Hypothesis Testing with One Sample

45 Outcomes and the Type I and Type II Errors

When you perform a hypothesis test, there are four possible outcomes depending on the actual truth (or falseness) of the null hypothesis H0 and the decision to reject or not. The outcomes are summarized in the following table:

Statistical Decision H0 is actually…
True False
Cannot reject H0 Correct outcome Type II error
Cannot accept H0 Type I error Correct outcome

The four possible outcomes in the table are:

  1. The decision is cannot reject H0 when H0 is true (correct decision).
  2. The decision is cannot accept H0 when H0 is true (incorrect decision known as aType I error). This case is described as “rejecting a good null”. As we will see later, it is this type of error that we will guard against by setting the probability of making such an error. The goal is to NOT take an action that is an error.
  3. The decision is cannot reject H0 when, in fact, H0 is false (incorrect decision known as a Type II error). This is called “accepting a false null”. In this situation you have allowed the status quo to remain in force when it should be overturned. As we will see, the null hypothesis has the advantage in competition with the alternative.
  4. The decision is cannot accept H0 when H0 is false (correct decision).

Each of the errors occurs with a particular probability. The Greek letters α and β represent the probabilities.

α = probability of a Type I error = P(Type I error) = probability of rejecting the null hypothesis when the null hypothesis is true: rejecting a good null.

β = probability of a Type II error = P(Type II error) = probability of not rejecting the null hypothesis when the null hypothesis is false. (1 − β) is called the Power of the Test.

α and β should be as small as possible because they are probabilities of errors.

Statistics allows us to set the probability that we are making a Type I error. The probability of making a Type I error is α. Recall that the confidence intervals in the last unit were set by choosing a value called Zα (or tα) and the alpha value determined the confidence level of the estimate because it was the probability of the interval failing to capture the true mean (or proportion parameter p). This alpha and that one are the same.

The easiest way to see the relationship between the alpha error and the level of confidence is with the following figure.

...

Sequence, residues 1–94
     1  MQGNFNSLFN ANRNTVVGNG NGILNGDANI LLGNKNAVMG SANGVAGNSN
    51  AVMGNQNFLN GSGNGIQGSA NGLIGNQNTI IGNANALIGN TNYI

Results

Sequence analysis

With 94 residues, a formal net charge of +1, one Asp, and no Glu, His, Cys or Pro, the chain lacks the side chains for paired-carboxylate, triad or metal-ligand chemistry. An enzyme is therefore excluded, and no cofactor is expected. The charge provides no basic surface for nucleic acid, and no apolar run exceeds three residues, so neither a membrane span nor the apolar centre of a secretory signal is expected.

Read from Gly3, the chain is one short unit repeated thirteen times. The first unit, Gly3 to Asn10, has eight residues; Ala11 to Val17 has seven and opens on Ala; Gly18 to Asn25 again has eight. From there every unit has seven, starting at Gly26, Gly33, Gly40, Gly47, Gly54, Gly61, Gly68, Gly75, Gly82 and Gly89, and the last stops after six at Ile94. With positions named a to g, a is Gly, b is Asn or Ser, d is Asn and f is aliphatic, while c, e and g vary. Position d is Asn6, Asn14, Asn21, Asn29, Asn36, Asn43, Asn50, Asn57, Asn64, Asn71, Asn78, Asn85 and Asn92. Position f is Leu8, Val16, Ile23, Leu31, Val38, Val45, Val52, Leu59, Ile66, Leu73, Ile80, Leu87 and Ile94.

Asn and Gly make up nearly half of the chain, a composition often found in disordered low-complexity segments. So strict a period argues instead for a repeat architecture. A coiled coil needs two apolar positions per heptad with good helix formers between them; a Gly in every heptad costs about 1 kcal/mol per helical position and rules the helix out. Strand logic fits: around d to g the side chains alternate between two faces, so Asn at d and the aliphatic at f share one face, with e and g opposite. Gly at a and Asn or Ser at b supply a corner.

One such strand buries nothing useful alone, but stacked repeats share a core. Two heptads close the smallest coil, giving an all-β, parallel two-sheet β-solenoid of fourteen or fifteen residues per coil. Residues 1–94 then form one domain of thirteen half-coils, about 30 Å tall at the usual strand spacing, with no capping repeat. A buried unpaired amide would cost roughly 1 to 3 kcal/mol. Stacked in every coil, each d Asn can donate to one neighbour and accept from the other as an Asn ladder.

In the center of (Figure) is a normally distributed sampling distribution marked H0. This is a sampling distribution of \stackrel{-}{X} and by the Central Limit Theorem it is normally distributed. The distribution in the center is marked H0 and represents the distribution for the null hypotheses H0: µ = 100. This is the value that is being tested. The formal statements of the null and alternative hypotheses are listed below the figure.

The distributions on either side of the H0 distribution represent distributions that would be true if H0 is false, under the alternative hypothesis listed as Ha. We do not know which is true, and will never know. There are, in fact, an infinite number of distributions from which the data could have been drawn if Ha is true, but only two of them are on (Figure) representing all of the others.

To test a hypothesis we take a sample from the population and determine if it could have come from the hypothesized distribution with an acceptable level of significance. This level of significance is the alpha error and is marked on (Figure) as the shaded areas in each tail of the H0 distribution. (Each area is actually α/2 because the distribution is symmetrical and the alternative hypothesis allows for the possibility for the value to be either greater than or less than the hypothesized value–called a two-tailed test).

If the sample mean marked as {\stackrel{-}{X}}_{1} is in the tail of the distribution of H0, we conclude that the probability that it could have come from the H0 distribution is less than alpha. We consequently state, “the null hypothesis cannot be accepted with (α) level of significance”. The truth may be that this {\stackrel{-}{X}}_{1} did come from the H0 distribution, but from out in the tail. If this is so then we have falsely rejected a true null hypothesis and have made a Type I error. What statistics has done is provide an estimate about what we know, and what we control, and that is the probability of us being wrong, α.

We can also see in (Figure) that the sample mean could be really from an Ha distribution, but within the boundary set by the alpha level. Such a case is marked as {\stackrel{-}{X}}_{2}. There is a probability that {\stackrel{-}{X}}_{2} actually came from Ha but shows up in the range of H0 between the two tails. This probability is the beta error, the probability of accepting a false null.

Our problem is that we can only set the alpha error because there are an infinite number of alternative distributions from which the mean could have come that are not equal to H0. As a result, the statistician places the burden of proof on the alternative hypothesis. That is, we will not reject a null hypothesis unless there is a greater than 90, or 95, or even 99 percent probability that the null is false: the burden of proof lies with the alternative hypothesis. This is why we called this the tyranny of the status quo earlier.